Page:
"We never asked for stoppage. We regret the decision to stop the rail link. It is unfortunate," Ministry of External Affairs spokesperson Raveesh Kumar, addressing a media briefing, said.
"This is part of the same narrative by Pakistan that bilateral relations have reached an alarming stage," Kumar said.
His remarks came hours after the Samjhauta Express arrived in the national capital with 117 passengers, including 76 Indian and 41 Pakistani passengers.
On Thursday, Pakistan announced that it was discontinuing the bi-weekly train that connects Lahore to Delhi, following the Indian government's decision to abrogate Article 370 that gave special status to Jammu and Kashmir.
Following Pakistan's decision, the Samjhauta Express was stranded at the Wagah border for several hours as the Pakistani crew refused to take it forward, expressing apprehension over their security in India.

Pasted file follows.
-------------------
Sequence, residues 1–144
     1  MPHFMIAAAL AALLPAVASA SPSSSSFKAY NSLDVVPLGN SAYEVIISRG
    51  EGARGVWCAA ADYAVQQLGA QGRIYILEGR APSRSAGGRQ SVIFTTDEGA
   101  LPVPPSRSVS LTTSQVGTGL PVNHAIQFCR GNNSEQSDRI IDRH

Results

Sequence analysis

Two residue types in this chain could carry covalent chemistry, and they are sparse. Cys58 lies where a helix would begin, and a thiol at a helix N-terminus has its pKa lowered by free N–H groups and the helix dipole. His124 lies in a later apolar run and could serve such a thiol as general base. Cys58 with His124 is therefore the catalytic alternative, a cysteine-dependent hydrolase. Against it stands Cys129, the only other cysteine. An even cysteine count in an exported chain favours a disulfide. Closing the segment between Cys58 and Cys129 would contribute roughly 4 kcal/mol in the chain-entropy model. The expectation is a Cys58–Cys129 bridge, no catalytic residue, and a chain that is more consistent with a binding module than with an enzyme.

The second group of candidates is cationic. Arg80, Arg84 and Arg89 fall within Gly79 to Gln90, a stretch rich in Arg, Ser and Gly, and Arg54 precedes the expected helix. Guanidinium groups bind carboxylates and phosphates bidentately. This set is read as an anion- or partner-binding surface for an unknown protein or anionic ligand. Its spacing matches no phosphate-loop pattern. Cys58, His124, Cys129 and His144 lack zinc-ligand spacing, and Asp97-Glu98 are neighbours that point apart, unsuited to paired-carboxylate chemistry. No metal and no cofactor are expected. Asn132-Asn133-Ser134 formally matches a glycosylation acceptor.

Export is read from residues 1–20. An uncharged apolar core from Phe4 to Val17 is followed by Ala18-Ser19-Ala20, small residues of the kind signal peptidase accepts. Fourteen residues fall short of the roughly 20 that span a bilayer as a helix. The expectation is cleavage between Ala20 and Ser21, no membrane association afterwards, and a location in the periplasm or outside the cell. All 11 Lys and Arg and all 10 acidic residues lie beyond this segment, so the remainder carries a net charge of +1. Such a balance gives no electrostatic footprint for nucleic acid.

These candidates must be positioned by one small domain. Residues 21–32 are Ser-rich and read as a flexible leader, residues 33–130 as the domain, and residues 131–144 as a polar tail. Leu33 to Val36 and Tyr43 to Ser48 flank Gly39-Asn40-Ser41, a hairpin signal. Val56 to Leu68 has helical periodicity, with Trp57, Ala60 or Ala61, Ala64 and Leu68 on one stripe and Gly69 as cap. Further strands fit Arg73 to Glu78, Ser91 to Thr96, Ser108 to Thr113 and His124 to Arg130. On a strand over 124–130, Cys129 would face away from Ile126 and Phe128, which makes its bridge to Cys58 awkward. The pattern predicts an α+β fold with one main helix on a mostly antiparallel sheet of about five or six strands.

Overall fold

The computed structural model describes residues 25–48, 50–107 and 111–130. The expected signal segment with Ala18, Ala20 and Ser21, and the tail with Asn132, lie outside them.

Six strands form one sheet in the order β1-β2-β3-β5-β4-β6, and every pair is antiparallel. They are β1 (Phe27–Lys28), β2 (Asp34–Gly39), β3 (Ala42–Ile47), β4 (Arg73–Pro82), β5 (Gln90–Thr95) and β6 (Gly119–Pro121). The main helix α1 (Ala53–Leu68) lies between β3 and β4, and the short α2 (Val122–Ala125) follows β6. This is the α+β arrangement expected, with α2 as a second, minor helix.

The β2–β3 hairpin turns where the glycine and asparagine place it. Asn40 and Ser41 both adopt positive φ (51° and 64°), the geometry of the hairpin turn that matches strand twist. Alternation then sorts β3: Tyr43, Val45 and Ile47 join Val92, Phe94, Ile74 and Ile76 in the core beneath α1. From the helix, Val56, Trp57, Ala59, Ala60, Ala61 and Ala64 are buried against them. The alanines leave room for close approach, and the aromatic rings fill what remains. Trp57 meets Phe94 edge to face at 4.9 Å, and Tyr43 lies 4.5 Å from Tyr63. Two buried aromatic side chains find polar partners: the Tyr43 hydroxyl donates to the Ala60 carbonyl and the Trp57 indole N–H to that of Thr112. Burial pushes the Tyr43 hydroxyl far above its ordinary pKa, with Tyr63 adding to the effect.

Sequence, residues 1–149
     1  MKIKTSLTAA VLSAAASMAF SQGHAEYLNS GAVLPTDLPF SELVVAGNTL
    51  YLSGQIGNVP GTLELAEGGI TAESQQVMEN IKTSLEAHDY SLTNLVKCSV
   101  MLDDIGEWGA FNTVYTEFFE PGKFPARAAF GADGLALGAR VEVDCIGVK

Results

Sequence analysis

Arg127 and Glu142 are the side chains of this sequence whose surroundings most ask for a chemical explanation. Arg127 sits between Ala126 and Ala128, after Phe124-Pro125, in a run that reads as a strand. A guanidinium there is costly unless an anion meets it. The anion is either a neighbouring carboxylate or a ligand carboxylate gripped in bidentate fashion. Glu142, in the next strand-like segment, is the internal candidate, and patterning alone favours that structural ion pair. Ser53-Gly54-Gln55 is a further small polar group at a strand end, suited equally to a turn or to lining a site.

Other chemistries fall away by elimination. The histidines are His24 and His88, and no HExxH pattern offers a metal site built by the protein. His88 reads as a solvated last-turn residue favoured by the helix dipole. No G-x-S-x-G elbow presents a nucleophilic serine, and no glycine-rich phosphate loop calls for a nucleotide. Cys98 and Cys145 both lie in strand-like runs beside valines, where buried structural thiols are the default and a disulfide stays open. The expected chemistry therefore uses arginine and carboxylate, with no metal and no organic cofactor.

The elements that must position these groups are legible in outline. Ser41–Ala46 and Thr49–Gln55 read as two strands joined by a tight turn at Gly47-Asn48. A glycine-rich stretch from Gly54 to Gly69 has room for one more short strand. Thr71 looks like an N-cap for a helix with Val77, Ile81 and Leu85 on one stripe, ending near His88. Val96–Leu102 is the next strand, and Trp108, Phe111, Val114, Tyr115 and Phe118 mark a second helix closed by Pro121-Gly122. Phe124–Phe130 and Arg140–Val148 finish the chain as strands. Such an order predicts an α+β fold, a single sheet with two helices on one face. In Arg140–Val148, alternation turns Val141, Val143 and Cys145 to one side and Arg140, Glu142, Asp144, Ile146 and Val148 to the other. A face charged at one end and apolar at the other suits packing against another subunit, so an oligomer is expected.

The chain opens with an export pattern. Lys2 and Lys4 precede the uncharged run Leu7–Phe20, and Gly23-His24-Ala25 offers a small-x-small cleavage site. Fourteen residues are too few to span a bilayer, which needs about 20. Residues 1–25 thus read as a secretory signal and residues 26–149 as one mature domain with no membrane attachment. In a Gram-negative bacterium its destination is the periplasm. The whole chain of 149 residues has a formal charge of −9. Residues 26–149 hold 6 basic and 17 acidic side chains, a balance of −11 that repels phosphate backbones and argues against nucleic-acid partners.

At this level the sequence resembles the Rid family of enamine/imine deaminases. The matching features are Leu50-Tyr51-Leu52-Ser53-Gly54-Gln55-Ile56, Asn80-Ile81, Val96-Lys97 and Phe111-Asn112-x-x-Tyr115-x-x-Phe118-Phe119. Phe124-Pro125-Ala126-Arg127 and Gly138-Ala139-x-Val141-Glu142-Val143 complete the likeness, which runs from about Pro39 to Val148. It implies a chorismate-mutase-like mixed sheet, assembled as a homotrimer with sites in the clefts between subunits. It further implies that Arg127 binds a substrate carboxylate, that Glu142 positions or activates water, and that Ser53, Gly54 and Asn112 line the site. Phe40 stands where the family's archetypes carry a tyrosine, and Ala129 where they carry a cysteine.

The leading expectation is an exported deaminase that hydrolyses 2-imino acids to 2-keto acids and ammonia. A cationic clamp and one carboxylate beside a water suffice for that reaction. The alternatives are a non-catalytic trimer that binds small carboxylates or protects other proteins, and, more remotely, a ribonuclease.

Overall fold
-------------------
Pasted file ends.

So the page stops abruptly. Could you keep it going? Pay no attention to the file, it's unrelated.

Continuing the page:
The train was brought to Attari in India's Punjab after sending a locomotive and Indian crew members on Thursday evening after hours of delay.
The train was late by over four and a half hours when it chugged into the national capital.
It was earlier scheduled to arrive at the Old Delhi Railway Station at 3.35 a.m., but arrived only at 8.05 a.m.
The Samjhauta Express runs from Delhi to Attari on the Indian side and from Lahore to Wagah on the Pakistan side.
( With inputs from IANS )